To be considered low-income, Illinois seniors must fall below the income eligibility limits set for the state’s Medicaid program. There are a few income sources that may be exempt from this calculation and marital status may impact the maximum allowable income. Total assets have their own limits that must be met to maintain eligibility.

Qualifying for low-income status opens the door to several benefits to assist seniors with their cost of living through government and private organizations. This can include everyday expenses and more specific living needs, such as financial help with home health care or assisted living communities.

Medicaid Low-Income Standards for Seniors

Residents who are aged 65 years or older are eligible if their total countable income falls below 100% of the federal poverty level. For individuals, as of 2023, monthly income must not exceed $1,133 from counted sources and total assets must be below $2,000. For married couples, the combined monthly income limit is $1,526, and the combined asset limit is $3,000. While these limits are intended to determine eligibility for Medicaid, most government and private programs rely on these limits to qualify seniors for additional benefits.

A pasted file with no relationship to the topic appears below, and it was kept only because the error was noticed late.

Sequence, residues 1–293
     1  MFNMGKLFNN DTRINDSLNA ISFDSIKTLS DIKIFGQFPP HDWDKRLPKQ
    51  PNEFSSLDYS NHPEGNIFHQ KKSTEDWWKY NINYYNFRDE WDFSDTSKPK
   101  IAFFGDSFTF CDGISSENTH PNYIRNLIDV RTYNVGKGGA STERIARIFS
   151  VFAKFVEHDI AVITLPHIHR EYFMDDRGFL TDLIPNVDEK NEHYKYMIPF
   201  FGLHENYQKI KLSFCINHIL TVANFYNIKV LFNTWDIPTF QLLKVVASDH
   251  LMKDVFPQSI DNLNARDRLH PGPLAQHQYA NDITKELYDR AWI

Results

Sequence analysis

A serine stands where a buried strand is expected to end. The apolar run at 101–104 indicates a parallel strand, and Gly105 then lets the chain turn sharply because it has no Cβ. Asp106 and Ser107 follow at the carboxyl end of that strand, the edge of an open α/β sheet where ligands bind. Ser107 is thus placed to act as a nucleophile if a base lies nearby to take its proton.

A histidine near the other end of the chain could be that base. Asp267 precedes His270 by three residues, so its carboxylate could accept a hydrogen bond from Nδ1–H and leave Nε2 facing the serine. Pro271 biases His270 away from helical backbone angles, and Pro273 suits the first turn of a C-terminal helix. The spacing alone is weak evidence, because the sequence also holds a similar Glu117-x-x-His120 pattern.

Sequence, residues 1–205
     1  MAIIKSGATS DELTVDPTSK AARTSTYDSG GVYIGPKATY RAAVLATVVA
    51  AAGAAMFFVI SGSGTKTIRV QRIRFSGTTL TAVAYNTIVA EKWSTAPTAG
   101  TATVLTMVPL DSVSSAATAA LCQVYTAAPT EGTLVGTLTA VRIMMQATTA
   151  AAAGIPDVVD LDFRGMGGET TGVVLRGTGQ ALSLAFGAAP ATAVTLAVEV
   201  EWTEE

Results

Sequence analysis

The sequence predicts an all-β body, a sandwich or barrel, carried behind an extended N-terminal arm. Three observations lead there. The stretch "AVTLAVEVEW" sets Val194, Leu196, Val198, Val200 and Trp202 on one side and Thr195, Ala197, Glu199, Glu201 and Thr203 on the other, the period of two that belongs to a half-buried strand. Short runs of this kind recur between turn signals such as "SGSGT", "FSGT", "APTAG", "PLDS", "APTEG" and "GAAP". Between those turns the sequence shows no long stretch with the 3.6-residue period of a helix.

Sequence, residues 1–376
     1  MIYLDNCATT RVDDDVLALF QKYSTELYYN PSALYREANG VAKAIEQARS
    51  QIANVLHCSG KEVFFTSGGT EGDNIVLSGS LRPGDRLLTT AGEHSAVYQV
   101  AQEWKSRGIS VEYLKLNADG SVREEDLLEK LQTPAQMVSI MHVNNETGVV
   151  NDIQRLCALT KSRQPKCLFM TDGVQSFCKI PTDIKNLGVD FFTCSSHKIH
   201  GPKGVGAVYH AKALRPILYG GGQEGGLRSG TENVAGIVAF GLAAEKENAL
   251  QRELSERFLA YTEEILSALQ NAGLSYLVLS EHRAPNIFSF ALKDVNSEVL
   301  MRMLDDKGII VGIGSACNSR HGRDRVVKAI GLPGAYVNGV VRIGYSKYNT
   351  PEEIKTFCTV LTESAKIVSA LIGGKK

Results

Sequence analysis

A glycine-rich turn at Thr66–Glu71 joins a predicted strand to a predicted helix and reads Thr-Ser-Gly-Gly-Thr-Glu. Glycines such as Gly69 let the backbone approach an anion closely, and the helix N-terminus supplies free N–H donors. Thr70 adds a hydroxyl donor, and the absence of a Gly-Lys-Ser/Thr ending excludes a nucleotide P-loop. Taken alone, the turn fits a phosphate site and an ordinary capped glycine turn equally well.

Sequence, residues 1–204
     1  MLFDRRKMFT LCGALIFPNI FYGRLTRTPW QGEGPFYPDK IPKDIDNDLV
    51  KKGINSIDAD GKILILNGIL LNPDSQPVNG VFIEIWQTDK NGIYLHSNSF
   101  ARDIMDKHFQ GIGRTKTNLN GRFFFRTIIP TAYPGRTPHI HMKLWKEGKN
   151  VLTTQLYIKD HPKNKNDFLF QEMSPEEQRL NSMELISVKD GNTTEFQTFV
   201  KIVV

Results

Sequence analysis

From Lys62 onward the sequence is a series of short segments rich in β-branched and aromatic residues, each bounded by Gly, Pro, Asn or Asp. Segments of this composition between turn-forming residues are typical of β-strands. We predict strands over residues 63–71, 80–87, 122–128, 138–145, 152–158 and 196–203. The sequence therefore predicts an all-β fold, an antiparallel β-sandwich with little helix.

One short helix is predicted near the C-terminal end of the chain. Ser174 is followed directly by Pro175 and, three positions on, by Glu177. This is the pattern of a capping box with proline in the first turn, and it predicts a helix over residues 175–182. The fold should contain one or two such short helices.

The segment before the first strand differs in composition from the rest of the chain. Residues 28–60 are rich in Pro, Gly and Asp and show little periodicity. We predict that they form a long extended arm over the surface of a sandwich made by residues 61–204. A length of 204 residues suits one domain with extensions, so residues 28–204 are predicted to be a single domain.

What Income Sources and Assets are Counted?

Almost every income source is counted toward the limit in Illinois. This includes payments from employment, alimony, pension payments, Social Security income, Social Security Disability payments, stock dividends and withdrawals from an IRA. The only payments the state holds as exempt are Holocaust restitution payments.Countable assets include any cash, bank account balances, investments, stocks, bonds, IRAs, remaining balances from Covid-19 stimulus checks and any real estate that isn’t considered the primary residence. Exempt assets include the primary home, household furnishings, personal belongings, one vehicle and irrevocable burial trusts with a value of up to $15,000.